Sundance Selects | Release Date: December 2, 2016
6.9
USER SCORE
Generally favorable reviews based on 45 Ratings
USER RATING DISTRIBUTION
Positive:
33
Mixed:
10
Negative:
2
Watch Now
Buy On
Stream On
Review this movie
VOTE NOW
0 1 2 3 4 5 6 7 8 9 10
Check box if your review contains spoilers 0 characters (5000 max)
5
netflicDec 12, 2016
It is a French movie about a woman in her sixties, a philosophy teacher, who suddenly realizes that she is free from all usual responsibilities: kids grew up and left home, her husband found a younger woman and left as well, elderly and sickIt is a French movie about a woman in her sixties, a philosophy teacher, who suddenly realizes that she is free from all usual responsibilities: kids grew up and left home, her husband found a younger woman and left as well, elderly and sick mother passed away. What to do with all that freedom? You spent all your life building a family, and now it's all gone...

Isabelle Huppert stars here as main protagonist Nathalie. She is a good actress and she proved it again. But emotionally that movie did not not move me (pan intended).

I would call this film remarkably unremarkable.
Expand
1 of 1 users found this helpful10
All this user's reviews
9
krimokrimoDec 2, 2016
A very subtle film with a very subtle performance by Isabelle Huppert. Its basically a coming of age tale about a woman in her sixties and its directed gracefully by Mia Hansen-Love. The cinematography of the film is warm and beautiful. I loved it.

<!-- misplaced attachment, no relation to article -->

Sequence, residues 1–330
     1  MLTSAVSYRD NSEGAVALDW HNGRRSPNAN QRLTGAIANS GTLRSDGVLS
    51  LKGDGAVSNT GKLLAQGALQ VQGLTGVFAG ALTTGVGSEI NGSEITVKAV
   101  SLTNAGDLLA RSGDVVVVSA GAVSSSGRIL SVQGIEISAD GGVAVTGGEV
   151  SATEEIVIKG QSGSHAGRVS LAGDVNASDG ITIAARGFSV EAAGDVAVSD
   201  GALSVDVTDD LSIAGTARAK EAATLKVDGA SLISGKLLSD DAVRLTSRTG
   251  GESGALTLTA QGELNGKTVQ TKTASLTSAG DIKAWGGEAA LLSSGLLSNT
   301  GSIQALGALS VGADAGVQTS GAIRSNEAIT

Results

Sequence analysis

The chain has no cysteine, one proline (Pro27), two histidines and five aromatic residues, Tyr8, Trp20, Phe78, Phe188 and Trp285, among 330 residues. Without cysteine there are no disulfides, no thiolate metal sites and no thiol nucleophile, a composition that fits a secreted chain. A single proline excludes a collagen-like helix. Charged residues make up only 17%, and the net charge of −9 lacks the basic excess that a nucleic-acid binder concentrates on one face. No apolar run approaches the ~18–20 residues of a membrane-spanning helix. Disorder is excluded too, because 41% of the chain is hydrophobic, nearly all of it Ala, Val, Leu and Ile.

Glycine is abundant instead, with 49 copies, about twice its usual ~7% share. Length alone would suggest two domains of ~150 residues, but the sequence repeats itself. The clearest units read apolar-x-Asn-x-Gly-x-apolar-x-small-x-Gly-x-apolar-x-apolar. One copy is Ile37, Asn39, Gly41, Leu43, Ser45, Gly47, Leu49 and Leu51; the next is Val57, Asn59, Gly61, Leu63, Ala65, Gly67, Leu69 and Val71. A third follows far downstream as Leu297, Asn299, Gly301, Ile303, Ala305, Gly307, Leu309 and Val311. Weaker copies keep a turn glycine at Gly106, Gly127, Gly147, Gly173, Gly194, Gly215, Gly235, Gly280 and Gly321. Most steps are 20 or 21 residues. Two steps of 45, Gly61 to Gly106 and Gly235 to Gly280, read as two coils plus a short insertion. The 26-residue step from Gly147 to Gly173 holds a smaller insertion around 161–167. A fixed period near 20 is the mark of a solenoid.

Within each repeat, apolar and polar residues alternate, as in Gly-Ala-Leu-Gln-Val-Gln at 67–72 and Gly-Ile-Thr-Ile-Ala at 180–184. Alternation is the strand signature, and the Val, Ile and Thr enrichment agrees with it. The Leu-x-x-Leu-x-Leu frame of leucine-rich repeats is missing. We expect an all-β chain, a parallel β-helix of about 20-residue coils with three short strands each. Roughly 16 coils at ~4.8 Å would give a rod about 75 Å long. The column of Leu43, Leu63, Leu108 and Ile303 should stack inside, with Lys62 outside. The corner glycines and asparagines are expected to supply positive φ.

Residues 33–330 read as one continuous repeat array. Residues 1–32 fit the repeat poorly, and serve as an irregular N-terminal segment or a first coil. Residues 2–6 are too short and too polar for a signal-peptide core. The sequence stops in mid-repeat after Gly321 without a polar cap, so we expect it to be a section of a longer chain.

0 of 0 users found this helpful00
All this user's reviews
8
VonSeuxJan 13, 2017
It's a slow movie, with superb acting, lots of tension and a heavy dose of real life. Mia Hansen Love keeps offering us deeply moving and mature films, I'm glad we have a director we can blindly go into movie and feel ecstasy after the credits roll
0 of 0 users found this helpful00
All this user's reviews
8
Brent_MarchantJan 21, 2017
A smartly written, exceedingly well-acted character study of a successful and respected philosophy teacher who seems to have it all but loses everything in one incident after another. For many, this experience would be devastating, but, asA smartly written, exceedingly well-acted character study of a successful and respected philosophy teacher who seems to have it all but loses everything in one incident after another. For many, this experience would be devastating, but, as capably depicted here, such losses also illustrate the liberation afforded by them. With yet another outstanding performance by Isabelle Huppert (this is her year it seems), the film provides much to ponder in terms of what we value and what we believe is important. Expand
0 of 0 users found this helpful00
All this user's reviews
5
jgzegerApr 9, 2017
A pretty boring film. I really don't know why the critics fussed so much about it. The cinematography is good and Isabelle Huppert is fine, as always, but I couldn't wait for it to end.
0 of 0 users found this helpful00
All this user's reviews
8
KenRMar 29, 2019